California’s Appraisal Institute pressed for passage of a law that now makes it more difficult to hide a sales price.  Watch the Texas Legislature to see if such a move surfaces here.



The Eagle Ford shale oil/gas play in South Texas is being watched closely as prices for the fossil fuels continue to drop dramatically.  Drilling rigs are diminishing and permits have been cut in half.  But wind turbines are sprouting up like weeds in South Texas and Austin is the beneficiary of this alternative source of electrical generation.

The City of Austin is buying all the power generated by the Los Vientos II wind farm that has already been completed in deep South Texas.  Construction is powering ahead on the Los Vientos III wind farm and Austin has agreed to buy its entire output.  That’s not all.  Los Vientos IV is expected to transform even more South Texas brush country into a wind farm.  (San Antonio is buying all the output of Los Vientos I.  Los Vientos, by the way, means “the winds” in Spanish.)

What about the current project?  Dozens of towers have already been erected at Los Vientos III and many more towers are waiting for the massive propellertype blades to be completed and installed on the towers.  Parts for this green energy project are shipped into the Port of Brownsville, placed on rail cars, then transferred to trailers that haul them more than 80 miles inland.

Yeah, but how does that windgenerated electricity get to Austin?  Crews are working on transmission lines that will cut through the cactus and mesquite scrub country in deep South Texas.  The lines will connect the wind farms with the states power grid.  And Austin taps into the grid to suck out the electricity.

Contrast this heightened activity with the slowdown in the oil and gas boom.  As we have reported previously, Texas is setting records regularly with windgeneration.  And Austin has tapped into this source more than most cities.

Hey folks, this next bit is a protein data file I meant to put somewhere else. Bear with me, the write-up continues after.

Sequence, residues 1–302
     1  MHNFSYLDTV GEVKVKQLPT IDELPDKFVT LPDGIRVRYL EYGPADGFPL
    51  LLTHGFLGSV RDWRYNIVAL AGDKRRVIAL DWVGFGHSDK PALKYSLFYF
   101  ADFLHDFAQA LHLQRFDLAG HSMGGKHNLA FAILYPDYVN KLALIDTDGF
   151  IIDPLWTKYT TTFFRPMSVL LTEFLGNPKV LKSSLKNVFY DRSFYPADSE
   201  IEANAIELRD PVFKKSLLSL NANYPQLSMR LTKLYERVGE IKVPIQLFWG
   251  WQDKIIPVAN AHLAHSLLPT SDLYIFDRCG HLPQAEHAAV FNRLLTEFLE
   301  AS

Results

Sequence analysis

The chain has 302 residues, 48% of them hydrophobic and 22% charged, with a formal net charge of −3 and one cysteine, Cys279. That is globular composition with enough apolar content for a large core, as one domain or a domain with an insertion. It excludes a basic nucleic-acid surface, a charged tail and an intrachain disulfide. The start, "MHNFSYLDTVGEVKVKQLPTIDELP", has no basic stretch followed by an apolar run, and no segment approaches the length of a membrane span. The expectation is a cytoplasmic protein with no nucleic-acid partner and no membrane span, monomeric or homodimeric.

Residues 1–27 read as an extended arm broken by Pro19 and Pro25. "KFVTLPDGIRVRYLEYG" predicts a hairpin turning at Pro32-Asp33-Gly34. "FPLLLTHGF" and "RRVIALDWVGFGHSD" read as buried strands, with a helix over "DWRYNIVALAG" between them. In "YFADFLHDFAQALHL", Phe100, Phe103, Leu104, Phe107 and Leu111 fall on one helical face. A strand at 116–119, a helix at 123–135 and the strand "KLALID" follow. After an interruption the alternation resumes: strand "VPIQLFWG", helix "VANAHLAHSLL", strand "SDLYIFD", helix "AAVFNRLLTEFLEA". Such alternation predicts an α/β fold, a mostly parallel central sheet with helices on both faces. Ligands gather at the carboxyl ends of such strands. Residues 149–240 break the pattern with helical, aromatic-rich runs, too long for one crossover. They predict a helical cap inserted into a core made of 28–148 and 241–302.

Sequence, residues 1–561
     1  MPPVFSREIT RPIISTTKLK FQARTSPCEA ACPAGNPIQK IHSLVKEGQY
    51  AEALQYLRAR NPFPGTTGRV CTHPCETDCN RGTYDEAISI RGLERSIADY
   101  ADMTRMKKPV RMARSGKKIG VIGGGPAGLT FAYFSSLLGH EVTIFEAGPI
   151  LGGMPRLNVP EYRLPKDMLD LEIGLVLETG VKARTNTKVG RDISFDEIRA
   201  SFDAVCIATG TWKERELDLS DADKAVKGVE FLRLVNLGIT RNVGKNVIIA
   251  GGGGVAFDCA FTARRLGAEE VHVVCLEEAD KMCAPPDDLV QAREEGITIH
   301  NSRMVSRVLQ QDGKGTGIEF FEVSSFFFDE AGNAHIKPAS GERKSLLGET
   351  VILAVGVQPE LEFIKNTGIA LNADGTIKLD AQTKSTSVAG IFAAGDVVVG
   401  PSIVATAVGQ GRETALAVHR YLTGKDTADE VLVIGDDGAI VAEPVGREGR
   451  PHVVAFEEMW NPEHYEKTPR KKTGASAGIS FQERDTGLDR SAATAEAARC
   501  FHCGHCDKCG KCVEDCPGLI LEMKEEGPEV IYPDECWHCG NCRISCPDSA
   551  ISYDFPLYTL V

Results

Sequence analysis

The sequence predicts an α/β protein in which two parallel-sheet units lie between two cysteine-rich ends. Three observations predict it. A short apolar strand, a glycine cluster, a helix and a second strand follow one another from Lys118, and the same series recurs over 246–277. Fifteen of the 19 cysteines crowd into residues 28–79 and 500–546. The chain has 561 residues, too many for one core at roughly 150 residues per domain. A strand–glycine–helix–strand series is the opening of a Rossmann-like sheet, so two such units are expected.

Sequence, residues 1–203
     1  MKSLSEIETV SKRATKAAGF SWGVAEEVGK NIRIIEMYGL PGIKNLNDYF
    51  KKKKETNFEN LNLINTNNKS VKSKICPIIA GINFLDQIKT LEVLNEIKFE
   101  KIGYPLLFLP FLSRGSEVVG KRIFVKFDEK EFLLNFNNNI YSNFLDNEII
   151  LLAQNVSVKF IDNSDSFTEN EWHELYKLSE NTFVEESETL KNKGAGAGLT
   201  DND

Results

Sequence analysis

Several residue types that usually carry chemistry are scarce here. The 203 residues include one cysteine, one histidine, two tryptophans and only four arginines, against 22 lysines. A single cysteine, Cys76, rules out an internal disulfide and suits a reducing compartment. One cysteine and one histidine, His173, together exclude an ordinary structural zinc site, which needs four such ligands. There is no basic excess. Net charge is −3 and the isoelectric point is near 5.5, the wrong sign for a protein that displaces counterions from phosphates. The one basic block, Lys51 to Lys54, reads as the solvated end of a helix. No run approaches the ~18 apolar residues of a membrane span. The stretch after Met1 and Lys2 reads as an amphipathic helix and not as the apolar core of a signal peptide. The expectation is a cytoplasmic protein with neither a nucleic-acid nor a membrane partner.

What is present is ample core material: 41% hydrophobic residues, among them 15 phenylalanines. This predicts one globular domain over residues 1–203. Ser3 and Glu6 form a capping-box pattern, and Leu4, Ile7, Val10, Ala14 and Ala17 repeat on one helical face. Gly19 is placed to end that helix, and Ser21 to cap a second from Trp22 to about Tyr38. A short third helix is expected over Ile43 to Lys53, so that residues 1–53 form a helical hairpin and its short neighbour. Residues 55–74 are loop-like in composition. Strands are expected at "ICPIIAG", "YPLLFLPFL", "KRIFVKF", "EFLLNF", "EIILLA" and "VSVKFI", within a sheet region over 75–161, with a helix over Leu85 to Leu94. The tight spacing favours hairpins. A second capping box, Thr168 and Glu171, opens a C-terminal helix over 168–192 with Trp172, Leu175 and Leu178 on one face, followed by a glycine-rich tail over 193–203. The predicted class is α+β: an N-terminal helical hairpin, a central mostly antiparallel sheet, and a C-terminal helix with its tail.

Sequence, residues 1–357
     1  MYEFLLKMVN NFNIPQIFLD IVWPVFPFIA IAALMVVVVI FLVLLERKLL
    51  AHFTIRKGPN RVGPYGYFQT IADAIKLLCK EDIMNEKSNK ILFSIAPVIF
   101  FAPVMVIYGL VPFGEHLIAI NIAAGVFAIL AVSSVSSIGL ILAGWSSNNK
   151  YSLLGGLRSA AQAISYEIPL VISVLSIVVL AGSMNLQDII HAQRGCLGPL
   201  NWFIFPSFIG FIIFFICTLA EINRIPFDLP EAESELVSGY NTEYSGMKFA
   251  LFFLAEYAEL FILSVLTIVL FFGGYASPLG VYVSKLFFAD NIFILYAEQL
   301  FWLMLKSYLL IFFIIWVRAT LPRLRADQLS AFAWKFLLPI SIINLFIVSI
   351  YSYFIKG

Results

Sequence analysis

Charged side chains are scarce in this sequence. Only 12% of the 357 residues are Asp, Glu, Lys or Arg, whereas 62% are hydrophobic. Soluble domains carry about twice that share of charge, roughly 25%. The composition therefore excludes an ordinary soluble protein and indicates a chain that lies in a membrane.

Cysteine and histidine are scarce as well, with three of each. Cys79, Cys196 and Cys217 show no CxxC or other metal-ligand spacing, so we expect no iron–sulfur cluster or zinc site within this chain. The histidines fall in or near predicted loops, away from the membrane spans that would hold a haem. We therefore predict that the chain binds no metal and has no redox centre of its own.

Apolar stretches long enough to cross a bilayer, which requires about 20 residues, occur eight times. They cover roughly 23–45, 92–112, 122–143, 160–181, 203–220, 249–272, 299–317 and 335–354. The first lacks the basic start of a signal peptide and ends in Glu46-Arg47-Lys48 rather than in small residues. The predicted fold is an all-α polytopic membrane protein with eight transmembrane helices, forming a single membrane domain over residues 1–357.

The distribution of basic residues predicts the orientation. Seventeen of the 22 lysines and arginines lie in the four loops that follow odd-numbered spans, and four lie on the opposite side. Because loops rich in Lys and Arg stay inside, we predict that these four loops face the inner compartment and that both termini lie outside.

The 2014 yearend numbers are not out yet, but passenger traffic at AustinBergstrom International Airport (ABIA) is on pace to increase 7% over recordbreaking 2013.

And with more people flying through ABIA, airlines are ramping up nonstop service to additional destinations.  Here’s some of what to expect this year:

Air Canada to Toronto starts May 18th 2015.

American Airlines to Miami starts March 5th 2015.

Southwest Airlines to St. Louis and Orange County start June 28th 2015.

Allegiant Air to Orlando starts February 13th 2015.

Branson Air Express to Branson, Missouri starts May 8th 2015.

Nonstops become more important as flying hassles increase.  You can find all new Austin non-stop routes with the free interactive flight guided at



You broke the law today if, while driving, you:  1) sipped your morning coffee, 2) chowed down on a burger or breakfast taco, 3) talked to your passenger, or 4) adjusted your radio, CD or MP3 PlayerThese driving distractions are now illegal on Austin streets just part of the law that also banned use of all electronic handheld devices while operating a vehicle.

As the Austin City Council debated and passed Ordinance No. 20140828-041 late last year, the primary focus was to prohibit talking or texting on your cell phone while driving.  (This is the law now, with minor exceptions, such as calling 9-1-1 or 3-1-1 to report a crime or accident.)  The law went into effect 1/1/15 with a fine of up to $500 for violators.  But as some like to say:  the devil is in the details.  In addition to outlawing the use of a handheld device while driving, the Council decided to outlaw all forms of distracted driving because they pose a danger to drivers, their passengers and bystanders.”  Such as:

Texting using a cell phone for any reason eating and drinking talking to passengers grooming reading, including maps using a navigation system watching a video adjusting a radio, CD Player or MP3 Player” are specifically cited by the City as violations.  You can check it out yourself at

As defined in the ordinance, portable electronic device means a handheld mobile telephone personal digital assistant MP3 or other handheld music player electronic reading device laptop computer pager broadband personal communication device GPS or navigation system electronic gaming device and portable computing device.

Handsfree systems such as Bluetooth or headphones are permitted, as is an affixed GPS system.  For violators, police say they will issue warning tickets for the first 30 days.



Speaking of texting, during the bitter freezing weather this week, Dr. Louis Overholster’s wife texted him “Windows frozen, won’t open.”  He texted back “Gently pour some lukewarm water over it” and within 5 minutes got this text from his wife:  “Computer is really screwed up now!”


Click below for formatted print version

Download “Neal Spelce Austin Letter 1.9.15” Austin-Letter-2015-01-09.pdf – Downloaded 80 times – 226 KB